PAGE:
When a hysterectomy is performed at the time of cesarean delivery of a newborn, it is often a lifesaving procedure. The need for cesarean hysterectomy is rare, occurring in one in five hundred deliveries, or one in a hundred cesarean sections, usually because of excessive uncontrolled bleeding at the time of delivery. Uncontrolled bleeding at the time of delivery most often occurs in conjunction with an abnormal placental attachment, whereby the placenta has invaded into the uterine muscle and cannot be separated without hemorrhage. This rare condition is called placenta accreta.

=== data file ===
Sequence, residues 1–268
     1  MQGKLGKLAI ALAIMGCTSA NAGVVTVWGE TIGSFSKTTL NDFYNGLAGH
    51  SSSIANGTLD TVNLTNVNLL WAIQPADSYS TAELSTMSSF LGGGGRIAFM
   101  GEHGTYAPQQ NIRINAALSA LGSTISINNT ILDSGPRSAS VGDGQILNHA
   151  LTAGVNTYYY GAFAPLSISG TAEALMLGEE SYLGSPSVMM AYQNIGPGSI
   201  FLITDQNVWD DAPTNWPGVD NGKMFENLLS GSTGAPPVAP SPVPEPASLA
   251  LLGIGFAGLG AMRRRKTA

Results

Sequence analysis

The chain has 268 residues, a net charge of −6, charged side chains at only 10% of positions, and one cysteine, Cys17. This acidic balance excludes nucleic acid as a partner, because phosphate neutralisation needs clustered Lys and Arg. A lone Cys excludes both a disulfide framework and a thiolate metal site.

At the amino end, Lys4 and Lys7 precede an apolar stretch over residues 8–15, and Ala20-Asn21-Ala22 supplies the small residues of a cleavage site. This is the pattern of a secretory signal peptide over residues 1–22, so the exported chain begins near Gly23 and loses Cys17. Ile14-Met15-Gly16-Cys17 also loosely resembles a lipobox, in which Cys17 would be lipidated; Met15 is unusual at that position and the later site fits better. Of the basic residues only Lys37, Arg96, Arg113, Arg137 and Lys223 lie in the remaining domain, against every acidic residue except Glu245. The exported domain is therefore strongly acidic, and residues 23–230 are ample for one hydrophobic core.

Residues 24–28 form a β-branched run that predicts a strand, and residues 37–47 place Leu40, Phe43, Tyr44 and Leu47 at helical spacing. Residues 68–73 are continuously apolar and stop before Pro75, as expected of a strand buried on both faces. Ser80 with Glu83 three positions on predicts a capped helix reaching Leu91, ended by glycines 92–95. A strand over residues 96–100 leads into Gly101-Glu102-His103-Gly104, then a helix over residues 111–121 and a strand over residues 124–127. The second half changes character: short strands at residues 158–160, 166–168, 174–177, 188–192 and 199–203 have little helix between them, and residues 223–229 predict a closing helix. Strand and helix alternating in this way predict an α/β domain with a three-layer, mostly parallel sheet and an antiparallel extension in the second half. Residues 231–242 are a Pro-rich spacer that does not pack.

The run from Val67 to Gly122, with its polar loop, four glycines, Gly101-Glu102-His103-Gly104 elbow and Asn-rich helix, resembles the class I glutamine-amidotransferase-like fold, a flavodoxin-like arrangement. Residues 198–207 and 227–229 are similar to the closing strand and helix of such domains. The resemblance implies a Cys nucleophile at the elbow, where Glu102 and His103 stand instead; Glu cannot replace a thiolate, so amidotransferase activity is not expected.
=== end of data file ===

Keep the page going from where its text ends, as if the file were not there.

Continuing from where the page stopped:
Hysterectomy may also be needed to control blood loss in the situa-
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